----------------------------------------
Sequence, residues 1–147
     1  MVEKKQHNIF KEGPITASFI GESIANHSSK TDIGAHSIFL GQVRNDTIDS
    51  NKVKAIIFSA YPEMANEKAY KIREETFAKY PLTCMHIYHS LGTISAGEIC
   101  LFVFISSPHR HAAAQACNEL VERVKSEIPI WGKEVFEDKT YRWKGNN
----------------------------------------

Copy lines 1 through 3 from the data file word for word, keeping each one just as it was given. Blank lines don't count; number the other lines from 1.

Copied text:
Sequence, residues 1–147
     1  MVEKKQHNIF KEGPITASFI GESIANHSSK TDIGAHSIFL GQVRNDTIDS
    51  NKVKAIIFSA YPEMANEKAY KIREETFAKY PLTCMHIYHS LGTISAGEIC